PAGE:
The California native, 49, organized her Thursday, January 19, Vanity Fair piece as a list of 25 things she’s “come to understand” since becoming a household name after her relationship with the former president, 76. “As the years pass, one’s taste in partners gets better,” she quipped in one of her points, adding the word “wink” in parentheses.
The activist also advised readers to “choose your friends carefully,” referring to her friendship with the late Linda Tripp, who secretly recorded their phone conversations about Lewinsky’s affair with Clinton. “Twenty-five years ago I had one of the world’s worst friends: Linda ‘Judas, hold my beer’ Tripp,” Lewinsky wrote. “While I have since let go of the resentment and bitterness that surrounded her and her betrayal, it’s not lost on me how very fortunate I am to have been able to trust new people.”
The Lewis & Clark College graduate went on to reference some of the many songs that reference her, writing: “I wish I could say I get royalties now. I don’t. But at least the lyrics got better. (IYKYK.)”
Last year, Lewinsky petitioned Beyoncé to remove her name from the 2013 song “Partition” after the pop star, 41, altered an ableist lyric in “Heated” from Renaissance. “Uhmm, while we’re at it … #Partition,” the former government employee tweeted in August 2022, referring to the line, “He Monica Lewinsky-ed all on my gown.”
The London School of Economics alum concluded her essay with a message of hope for readers struggling in their own lives. “Lastly, I don’t know how to say this other than to be direct and insufferably corny: You can survive the unimaginable,” she wrote. “Not for nothing did I name my film and TV production company Alt Ending.”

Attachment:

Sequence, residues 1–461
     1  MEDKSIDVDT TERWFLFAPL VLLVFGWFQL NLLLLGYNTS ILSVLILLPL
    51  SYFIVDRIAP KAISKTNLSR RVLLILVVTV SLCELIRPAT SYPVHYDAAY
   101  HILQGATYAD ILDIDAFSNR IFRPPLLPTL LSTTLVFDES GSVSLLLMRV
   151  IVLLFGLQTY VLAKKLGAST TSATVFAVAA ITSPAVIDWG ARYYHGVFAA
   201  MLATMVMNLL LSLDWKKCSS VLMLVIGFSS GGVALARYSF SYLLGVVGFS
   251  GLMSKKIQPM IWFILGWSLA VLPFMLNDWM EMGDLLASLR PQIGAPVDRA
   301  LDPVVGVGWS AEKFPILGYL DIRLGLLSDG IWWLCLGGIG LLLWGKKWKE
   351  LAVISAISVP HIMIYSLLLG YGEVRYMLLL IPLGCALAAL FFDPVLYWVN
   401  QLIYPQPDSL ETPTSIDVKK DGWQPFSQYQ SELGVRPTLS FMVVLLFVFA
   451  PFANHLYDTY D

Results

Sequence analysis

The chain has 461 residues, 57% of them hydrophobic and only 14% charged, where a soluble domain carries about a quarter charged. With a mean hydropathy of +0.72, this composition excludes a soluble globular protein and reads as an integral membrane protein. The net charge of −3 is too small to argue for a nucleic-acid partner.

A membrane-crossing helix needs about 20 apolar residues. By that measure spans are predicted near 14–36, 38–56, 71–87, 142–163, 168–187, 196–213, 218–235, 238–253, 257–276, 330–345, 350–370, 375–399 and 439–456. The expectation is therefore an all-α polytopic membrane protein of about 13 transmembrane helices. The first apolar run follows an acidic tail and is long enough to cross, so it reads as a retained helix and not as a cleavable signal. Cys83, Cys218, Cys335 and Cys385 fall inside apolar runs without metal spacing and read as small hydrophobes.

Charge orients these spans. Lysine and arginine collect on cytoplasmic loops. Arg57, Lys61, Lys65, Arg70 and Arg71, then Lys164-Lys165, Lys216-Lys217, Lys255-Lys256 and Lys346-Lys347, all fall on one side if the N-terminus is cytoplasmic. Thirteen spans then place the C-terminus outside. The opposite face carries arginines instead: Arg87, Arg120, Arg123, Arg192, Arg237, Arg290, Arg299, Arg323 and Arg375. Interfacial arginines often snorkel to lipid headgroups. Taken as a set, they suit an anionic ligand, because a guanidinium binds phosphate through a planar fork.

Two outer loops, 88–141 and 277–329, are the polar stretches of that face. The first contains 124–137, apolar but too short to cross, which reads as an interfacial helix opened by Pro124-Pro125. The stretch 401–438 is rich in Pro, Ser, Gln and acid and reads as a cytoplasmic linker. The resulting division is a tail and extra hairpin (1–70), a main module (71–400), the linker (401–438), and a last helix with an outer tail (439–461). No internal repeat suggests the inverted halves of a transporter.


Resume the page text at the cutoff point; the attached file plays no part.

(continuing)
Lewinsky’s relationship with Clinton, which lasted from 1995 to 1997, became public knowledge in January 1998. After an investigation, the House of Representatives voted to impeach the My Life author for “high crimes and misdemeanors.” He was acquitted of all charges in February 1999 and stayed in office for the remainder of his second term, which ended in January 2001.
In March 1999, Lewinsky told her side of the story in the book Monica’s Story, written by Andrew Morton. Since 2014, she has contributed essays to Vanity Fair, making her debut with a piece titled “Shame and Survival” in which she said she “deeply” regrets what happened between her and Clinton.
“At the time — at least from my point of view — it was an authentic connection, with emotional intimacy, frequent visits, plans made, phone calls and gifts exchanged,” she wrote at the time. “In my early 20s, I was too young to understand the real-life consequences, and too young to see that I would be sacrificed for political expediency. I look back now, shake my head in disbelief, and wonder: what was I — what were we — thinking? I would give anything to go back and rewind the tape.”